Forums: » Register « |  Free Tools |  User CP |  Games |  Calendar |  Members |  FAQs |  Sitemap |  Support |

New Free Tools on Dev Shed!

#1
May 1st, 2013, 12:20 PM
 maanasa
Registered User

Join Date: May 2013
Posts: 1
Time spent in forums: 7 m 25 sec
Reputation Power: 0
Bitwise operators

Dear DevShed,

How to shift a complete array using bit wise operators(<< or >>)?

For example: array[]=1<<i; is it possible??????

#2
May 1st, 2013, 12:47 PM
 dwise1_aol
Contributing User

Join Date: Jan 2003
Location: USA
Posts: 6,842
Time spent in forums: 3 Months 23 h 39 m 57 sec
Reputation Power: 2199
In that way, no. Bit wise operators only work on a single integer-type value. In order to apply a shift operation to an all elements of an array, you would need to apply it to each element individually. That can easily be done with a for-loop that iterates through the array.

Now, what about the bits that shift out? Do you want them to shift into the neighboring element? Or do you just want to shift in zeros, which normally happens in a shift?

For example, let us assume a byte array (ie, unsigned char), ary, in which ary[0] is the most significant byte (MSB). Let us assume that it has four elements, so ary[3] would the the least significant byte (LSB). Thus bits shifting left out of one byte would then shift into the neighboring byte with a lower index number (eg, left shifting bits out of ary[2] into ary[1]), and bit shifting right out would shift into the neighbor with a higher index (eg, right shifting bits out of ary[2] into ary[3]).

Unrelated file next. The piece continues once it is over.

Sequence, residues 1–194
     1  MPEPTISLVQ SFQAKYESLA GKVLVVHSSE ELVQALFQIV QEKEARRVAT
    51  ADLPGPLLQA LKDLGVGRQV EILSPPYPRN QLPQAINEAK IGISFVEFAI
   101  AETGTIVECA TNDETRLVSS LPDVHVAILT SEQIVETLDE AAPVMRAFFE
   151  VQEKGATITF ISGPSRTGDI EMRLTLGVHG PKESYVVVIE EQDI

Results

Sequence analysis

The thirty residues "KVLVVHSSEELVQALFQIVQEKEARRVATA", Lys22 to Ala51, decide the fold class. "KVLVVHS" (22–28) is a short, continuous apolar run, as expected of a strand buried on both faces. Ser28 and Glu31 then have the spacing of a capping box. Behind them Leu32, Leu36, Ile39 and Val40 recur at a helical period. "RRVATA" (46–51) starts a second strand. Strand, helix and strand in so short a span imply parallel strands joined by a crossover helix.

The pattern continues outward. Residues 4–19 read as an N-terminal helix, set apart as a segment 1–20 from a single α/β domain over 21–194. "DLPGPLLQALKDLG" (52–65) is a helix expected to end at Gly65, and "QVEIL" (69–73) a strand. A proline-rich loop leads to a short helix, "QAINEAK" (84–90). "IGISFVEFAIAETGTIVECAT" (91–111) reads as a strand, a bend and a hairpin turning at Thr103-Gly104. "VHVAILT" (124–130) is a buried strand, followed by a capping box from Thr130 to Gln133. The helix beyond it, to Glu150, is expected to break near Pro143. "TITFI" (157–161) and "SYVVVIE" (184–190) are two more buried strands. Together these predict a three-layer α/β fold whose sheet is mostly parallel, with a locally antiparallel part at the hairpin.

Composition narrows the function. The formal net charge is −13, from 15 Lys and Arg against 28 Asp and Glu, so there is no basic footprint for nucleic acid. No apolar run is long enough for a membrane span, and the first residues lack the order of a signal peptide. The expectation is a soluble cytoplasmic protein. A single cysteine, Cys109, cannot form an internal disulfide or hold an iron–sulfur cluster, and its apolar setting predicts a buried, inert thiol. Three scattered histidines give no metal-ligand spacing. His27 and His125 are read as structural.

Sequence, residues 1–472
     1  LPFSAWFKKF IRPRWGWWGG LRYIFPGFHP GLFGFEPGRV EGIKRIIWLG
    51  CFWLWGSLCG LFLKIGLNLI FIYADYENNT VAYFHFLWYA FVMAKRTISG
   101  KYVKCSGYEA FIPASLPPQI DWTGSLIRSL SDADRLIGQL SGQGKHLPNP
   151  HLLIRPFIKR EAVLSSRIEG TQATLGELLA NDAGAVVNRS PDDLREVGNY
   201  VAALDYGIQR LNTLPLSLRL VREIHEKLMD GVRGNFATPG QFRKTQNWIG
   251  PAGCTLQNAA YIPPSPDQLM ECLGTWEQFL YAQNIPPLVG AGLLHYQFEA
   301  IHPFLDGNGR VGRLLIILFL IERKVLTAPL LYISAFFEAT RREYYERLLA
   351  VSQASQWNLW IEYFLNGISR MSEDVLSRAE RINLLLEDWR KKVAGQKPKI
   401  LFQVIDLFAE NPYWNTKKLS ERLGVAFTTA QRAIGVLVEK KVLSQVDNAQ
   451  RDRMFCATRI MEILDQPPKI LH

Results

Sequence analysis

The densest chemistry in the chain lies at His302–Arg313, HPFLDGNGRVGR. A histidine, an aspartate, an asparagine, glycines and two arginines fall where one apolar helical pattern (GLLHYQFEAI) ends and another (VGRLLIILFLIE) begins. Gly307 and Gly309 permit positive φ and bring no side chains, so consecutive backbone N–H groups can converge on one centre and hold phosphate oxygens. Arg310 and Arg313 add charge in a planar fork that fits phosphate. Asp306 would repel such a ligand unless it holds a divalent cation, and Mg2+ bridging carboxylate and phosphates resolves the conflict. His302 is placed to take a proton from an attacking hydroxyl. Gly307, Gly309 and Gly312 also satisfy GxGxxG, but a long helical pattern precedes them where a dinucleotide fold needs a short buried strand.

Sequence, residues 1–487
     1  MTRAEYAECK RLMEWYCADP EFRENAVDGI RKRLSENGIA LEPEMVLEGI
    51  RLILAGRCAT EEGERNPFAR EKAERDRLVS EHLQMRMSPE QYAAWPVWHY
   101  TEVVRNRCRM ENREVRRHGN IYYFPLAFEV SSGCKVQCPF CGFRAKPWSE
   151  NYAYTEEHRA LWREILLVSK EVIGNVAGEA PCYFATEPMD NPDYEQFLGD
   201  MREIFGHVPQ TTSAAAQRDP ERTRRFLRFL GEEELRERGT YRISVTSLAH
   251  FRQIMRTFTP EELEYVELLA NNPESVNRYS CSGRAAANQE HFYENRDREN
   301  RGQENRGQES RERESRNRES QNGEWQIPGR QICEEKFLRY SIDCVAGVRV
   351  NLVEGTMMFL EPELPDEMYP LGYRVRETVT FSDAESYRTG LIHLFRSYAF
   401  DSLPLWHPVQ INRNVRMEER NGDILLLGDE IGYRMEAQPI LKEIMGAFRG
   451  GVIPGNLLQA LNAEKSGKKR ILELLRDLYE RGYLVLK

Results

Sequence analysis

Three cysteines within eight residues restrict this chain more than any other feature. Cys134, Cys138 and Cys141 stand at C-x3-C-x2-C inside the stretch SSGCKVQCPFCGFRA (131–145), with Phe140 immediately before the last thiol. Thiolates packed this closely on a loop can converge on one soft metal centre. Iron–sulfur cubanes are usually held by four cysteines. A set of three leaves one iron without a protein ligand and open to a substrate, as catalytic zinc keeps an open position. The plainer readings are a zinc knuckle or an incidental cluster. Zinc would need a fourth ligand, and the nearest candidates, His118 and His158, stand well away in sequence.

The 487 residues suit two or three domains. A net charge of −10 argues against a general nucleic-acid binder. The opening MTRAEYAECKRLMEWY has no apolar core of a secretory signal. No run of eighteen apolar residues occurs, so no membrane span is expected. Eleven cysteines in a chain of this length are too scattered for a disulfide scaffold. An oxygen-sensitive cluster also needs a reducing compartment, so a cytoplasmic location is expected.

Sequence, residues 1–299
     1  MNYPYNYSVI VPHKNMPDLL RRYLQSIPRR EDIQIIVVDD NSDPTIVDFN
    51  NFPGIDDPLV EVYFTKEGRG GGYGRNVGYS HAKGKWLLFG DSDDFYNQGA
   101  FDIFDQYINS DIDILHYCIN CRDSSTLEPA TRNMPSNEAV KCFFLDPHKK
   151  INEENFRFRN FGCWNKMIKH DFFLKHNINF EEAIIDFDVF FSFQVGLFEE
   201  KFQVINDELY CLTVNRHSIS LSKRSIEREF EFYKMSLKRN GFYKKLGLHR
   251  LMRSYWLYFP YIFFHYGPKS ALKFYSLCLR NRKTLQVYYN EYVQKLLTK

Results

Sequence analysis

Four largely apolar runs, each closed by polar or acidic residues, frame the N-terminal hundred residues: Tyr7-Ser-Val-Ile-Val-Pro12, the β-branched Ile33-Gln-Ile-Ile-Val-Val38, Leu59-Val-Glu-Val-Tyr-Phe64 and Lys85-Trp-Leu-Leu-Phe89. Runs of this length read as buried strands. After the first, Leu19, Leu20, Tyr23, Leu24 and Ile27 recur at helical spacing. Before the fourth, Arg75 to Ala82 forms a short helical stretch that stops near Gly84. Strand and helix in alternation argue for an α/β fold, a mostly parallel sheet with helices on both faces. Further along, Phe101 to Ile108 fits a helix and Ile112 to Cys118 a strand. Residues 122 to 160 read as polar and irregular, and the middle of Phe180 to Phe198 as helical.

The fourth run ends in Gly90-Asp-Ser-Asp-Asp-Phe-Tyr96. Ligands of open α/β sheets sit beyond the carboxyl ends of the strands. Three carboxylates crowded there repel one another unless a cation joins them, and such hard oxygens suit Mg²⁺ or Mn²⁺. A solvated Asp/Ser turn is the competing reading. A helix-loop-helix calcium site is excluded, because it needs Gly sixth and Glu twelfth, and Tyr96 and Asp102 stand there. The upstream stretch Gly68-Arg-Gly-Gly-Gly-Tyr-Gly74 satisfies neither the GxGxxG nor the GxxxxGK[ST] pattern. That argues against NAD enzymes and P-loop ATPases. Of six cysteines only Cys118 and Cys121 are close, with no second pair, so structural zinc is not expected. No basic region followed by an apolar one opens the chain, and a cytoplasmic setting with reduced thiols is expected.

Assigning arbitrary numbers to this example:
ary[0] = 0x42; // MSB
ary[1] = 0x91;
ary[2] = 0x44;
ary[3] = 0xA6; // LSB

If we left shift by four and shift bits into the preceding byte, we end up with:
ary[0] = 0x29; // MSB
ary[1] = 0x14;
ary[2] = 0x4A;
ary[3] = 0x60; // LSB

If we left shift by four and do not shift bits in, then we end up with:
ary[0] = 0x20; // MSB
ary[1] = 0x10;
ary[2] = 0x40;
ary[3] = 0x60; // LSB

Similarly, if we right shift and shift bits in:
ary[0] = 0x04; // MSB
ary[1] = 0x29;
ary[2] = 0x14;
ary[3] = 0x4A; // LSB

So then, just exactly what do you have in mind?

PS
Just double-checked something.

Generally in C, when you perform a shift, zeroes get shifted in; this is called a logical shift. However, sometimes when you right-shift a negative number (the most significant bit, which is the sign bit, is set to 1), then you perform an arithmetic shift in which 1's are shifted in. However, whether an arithmetic right shift happens is defined by the implementation and hence is not portable:
Quote:
 ANSI/ISO 9899-1990 6.3.7 Bitwise shift operators . . . The result of E1 >> E2 is E1 right-shifted E2 bit positions. ... If E1 has a signed type and a negative value, the resulting value is implementation-defined.

Yet another detail that you will need to specify.

Last edited by dwise1_aol : May 1st, 2013 at 01:17 PM.

 Viewing: Dev Shed Forums > Programming Languages > C Programming > Bitwise operators